Table 1 gives clear evidence that there is a significant difference in the participants rating of the credibility of the information produced by the diviner in the Intentional and in the Ritual condition. In order to asses the effect size Cohen's d was calculated. The results are shown on table 2.
Kurabi/INT/AC - Kurabi/RIT/AC
Kurabi/INT/AD - Kurabi/RIT/AD
Dendrologist/INT/AC - Dendrologist/RIT/AC
Dendrologist/INT/AD - Dendrologist/RIT/AD
Banban/INT/AC - Banban/RIT/AC
Banban/INT/AD - Banban/RIT/AD
Table 2 Effect size of difference between intentional and ritual conditions
These are quite sizeable effects, since Cohen's rule of thumb is that effects around .80 are large effects.
It is worthwhile to notice that there are no differences in responses between the stories, which indicates that effects are not attributable to a primitivist stereotype. If such was the case it would be expected that the dendrologist story which takes place in Canada, a culture very similar to Danish culture, would show a different response pattern than the kurabi or banban story.
The difference in rating could possibly be attributed to participants who already believed in divination and therefore already had experience of divination ritual. To test for this the second part of the questionnaire was used. It contained a series of questions about how likely different persons in the participants’ own culture were to predict the future. The list included normal persons such as doctors, engineers and 6th graders, as well as diviners. Believers in divination were taken to be people who rated the ability to predict the future high for the following persons: Shaman, Numerologist, Tarot card reader, Cheiromantic, Clairvoyant, and Astrologist. There was no significant correlation between scores on these items and ratings of the Ritual condition. There was not either any effect of religious affiliation on the ratings of credibility of the ritual condition in the stories given. So the difference between intentional and ritual conditions cannot be attributed to belief in divination.
It could also be that participants were able to spot the difference and detect the ritual conditions. That would assume a familiarity with ritual action. This cannot be rejected, but the participants' experience of rituals in general and divination in particular must be assumed to be very poor, since diviners are not common in their culture. The older participants of the group could have been exposed to rituals in teaching since religious studies is on the curriculum for the last year of high-school, but in that case we would expect to see differences in rating depending on age, which was not the case.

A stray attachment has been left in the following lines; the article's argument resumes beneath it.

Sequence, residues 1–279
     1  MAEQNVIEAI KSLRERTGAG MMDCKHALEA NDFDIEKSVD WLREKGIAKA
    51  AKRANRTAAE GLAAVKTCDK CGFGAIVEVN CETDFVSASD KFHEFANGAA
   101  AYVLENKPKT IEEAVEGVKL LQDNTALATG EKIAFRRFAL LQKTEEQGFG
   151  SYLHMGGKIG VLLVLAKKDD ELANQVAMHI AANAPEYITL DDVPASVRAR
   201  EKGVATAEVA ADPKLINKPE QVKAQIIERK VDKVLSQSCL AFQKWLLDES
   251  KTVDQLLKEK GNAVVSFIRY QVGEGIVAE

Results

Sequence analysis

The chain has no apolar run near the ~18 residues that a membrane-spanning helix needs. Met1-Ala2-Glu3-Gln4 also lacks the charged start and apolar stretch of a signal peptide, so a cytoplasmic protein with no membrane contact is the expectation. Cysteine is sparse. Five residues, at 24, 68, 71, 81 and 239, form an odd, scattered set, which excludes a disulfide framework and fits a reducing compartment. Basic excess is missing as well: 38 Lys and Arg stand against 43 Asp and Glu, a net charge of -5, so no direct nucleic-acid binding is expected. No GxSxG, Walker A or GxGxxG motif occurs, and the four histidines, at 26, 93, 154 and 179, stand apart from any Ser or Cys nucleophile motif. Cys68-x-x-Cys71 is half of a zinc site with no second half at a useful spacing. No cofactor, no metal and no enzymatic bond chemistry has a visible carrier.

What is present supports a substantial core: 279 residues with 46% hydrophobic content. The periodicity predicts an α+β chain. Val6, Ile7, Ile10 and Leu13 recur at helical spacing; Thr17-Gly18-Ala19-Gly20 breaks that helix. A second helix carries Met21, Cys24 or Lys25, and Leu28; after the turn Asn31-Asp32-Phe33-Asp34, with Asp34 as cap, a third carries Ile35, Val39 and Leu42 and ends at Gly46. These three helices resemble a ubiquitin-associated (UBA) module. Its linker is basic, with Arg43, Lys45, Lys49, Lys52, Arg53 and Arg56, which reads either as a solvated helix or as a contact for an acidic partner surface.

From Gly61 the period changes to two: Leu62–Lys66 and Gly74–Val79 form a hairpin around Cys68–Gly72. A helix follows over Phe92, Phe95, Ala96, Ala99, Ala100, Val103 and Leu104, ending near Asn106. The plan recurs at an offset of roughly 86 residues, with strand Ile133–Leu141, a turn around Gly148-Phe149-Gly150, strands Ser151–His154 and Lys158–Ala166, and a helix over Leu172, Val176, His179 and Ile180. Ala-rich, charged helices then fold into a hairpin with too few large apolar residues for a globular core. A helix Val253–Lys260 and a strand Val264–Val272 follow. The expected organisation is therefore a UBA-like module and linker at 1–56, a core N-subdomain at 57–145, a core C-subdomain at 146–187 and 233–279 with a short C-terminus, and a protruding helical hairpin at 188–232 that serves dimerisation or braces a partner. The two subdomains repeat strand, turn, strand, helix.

Since the most obvious confounds can be ruled out it is possible to attribute the effect to universal cognitive processes that are not culturally variable. The results are consistent with the hypothesis proposed: ritual production of the pattern resulted in higher ratings of the credibility of the information than did intentional. This is contrary to what has been the general assumption in anthropology.
It could be argued against this that the results only allows us to conclude something about how people think divination clients think about divination. It remains a possibility that divination clients actually think differently about divination. This would entail separate cognitive mechanisms for cognising others’ actions from those used in cognising own actions. There is a large body of literature, however that supports the opposite conclusion; that the same cognitive and neural resources are used to cognise own and others actions (Barsalou 1999; Blakemore & Decety 2001; Gallese 2001; Gallese & Goldman 1998; Jeannerod 1999). Only further research can however settle the question.
Cognitive anthropologist Pascal Boyer has worked with similar ideas about the effect of ritual action on representations of credibility of divination (Boyer 1994; Boyer 1990). According to him ritual produces a situation in which the situation is thought to be directly producing the response (pattern): ”(..) the divinatory technique is a technique which allows situations to speak for themselves, as it were” (Boyer 1990: 73). This accounts for the truth in the information produced. The results of experiment 1 are consistent with this interpretation, since Boyer operates with a similar qualitative difference between ritual and normal intentional action.
The following experiment is designed to ascertain whether ritual action in divination really stimulates the representation of a counter-intuitive agent or whether the increased credibility is a function of the ritual character in itself, as Boyer would have it14.